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Kaatsu (Japanese: 加圧, often styled as KAATSU or KAATSU[1]) is a patented exercise method developed by Dr. Yoshiaki Sato that is based on blood flow moderation exercise (or vascular occlusion moderation training) involving compression of the vasculature proximal to the exercising muscles by the Kaatsu Master device.


In 1966 at the age of 18 while Yoshiaki Sato was attending a Buddhist ceremony in his native Japan, his legs went numb while sitting in the traditional Japanese posture on the floor. He could barely stand the pain any longer with his legs bent underneath him. Out of desperation, he began to massage his calves in an attempt to relieve the discomfort during the long ceremony. He realized that his blood circulation was blocked in his calves as he was sitting directly on his feet. This was when he conceived the original idea of blood flow moderation training.

Over the next 7 years, he experimented on himself by applying different bicycle tubes, ropes and bands at different pressures on various parts of his body. He methodically kept track of what type of bands and pressures worked and what experiments did not. With years of detailed trial and error, Sato gradually developed effective protocols to safely modify blood flow in his limbs. By 1973 at the age of 25, Sato developed the details of Kaatsu as it is currently practiced. At that time, on a ski trip, he fractured his ankle and damaged the ligaments around his knee. The injuries were diagnosed and the doctors told Sato that it would take 6 months to heal.

With a plaster cast on, Sato rehabilitated himself with Kaatsu Bands applied to his upper leg. He repeatedly applied Kaatsu pressure on and off while doing isometric exercises for 30 seconds on and a few seconds off three times per day. The results of his regimen shocked his doctor when his muscles did not atrophy and he fully recovered within 6 weeks.

Between 1973 and 1982, Sato conducted Kaatsu Training and developed protocols that worked best for people of all ages and with various kinds of afflictions.


In 1994, Sato applied for his first patents in Japan (Patent No. 2670421), U.S.A. (Patent No. 6149618), and Europe (UK, Germany, France, Italy with 94206403.0) as he produced the first Kaatsu Training bands. In 1997, Sato introduced the Kaatsu Instructor educational program where his defined protocols were shared with coaches, trainers, physical therapists and physicians throughout Japan. Over 3,000 Kaatsu Instructors were certified.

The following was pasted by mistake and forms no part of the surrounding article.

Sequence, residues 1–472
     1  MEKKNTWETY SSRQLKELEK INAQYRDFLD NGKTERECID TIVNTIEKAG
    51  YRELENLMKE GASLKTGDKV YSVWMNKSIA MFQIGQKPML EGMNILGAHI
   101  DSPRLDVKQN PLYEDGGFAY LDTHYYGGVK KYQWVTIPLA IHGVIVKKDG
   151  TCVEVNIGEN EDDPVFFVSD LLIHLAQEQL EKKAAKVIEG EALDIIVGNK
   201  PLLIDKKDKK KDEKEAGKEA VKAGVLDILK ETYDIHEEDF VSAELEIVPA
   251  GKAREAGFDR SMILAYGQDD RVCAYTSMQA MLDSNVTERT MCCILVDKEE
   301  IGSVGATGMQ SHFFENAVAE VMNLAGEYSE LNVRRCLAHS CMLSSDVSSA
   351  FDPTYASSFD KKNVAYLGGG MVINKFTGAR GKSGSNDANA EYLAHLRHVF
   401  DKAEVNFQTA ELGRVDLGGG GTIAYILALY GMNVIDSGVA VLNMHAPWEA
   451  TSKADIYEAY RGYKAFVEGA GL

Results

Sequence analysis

Kaatsu Training was named one of the collaborative projects of the University of Tokyo Hospital’s 22nd Century Medical and Research Center. Sato also began to offer an ischemic circulatory physiology course at the University of Tokyo Hospital and conducted joint development work with the Japan Manned Space Systems Corporation.

In the 1990s, Sato began joint research with Professor Naokata Ishii of the Department of Life Sciences, Graduate School of Arts and Sciences, at The University of Tokyo. Other researchers in Japan started to explore the benefits of Kaatsu and various research results were submitted to peer-review publications. In 2009, Dr. Sato signed a joint development agreement at China’s Jilin University and the National Research Institute of Sports Science of China. In 2014, Dr Sato established the Kaatsu Research Foundation.


The second generation of KAATSU equipment was launched in 2004 with the introduction of the KAATSU Master and the KAATSU Air Bands. The KAATSU Master device quantified and monitored the precise pressure applied to users’ legs and arms.

In 2006, Sato completed the design of a smaller, portable, programmable KAATSU device called the KAATSU Master Mini. Sato developed other applications for KAATSU users like KAATSU for speed and stamina as well as KAATSU Beauty and stress relief. He also designed the KAATSU Chair.


  • KAATSU Cycle 2.0
  • KAATSU Master
  • KAATSU Nano
  • KAATSU Aqua Bands
  • KAATSU Air Bands
  • KAATSU Specialist certification program
  • KAATSU Shaft Band


  1. ^ "Photographic image of Kaatsu Training Logo" (JPG). Par-golf.co.jp. Retrieved 2016-12-03.

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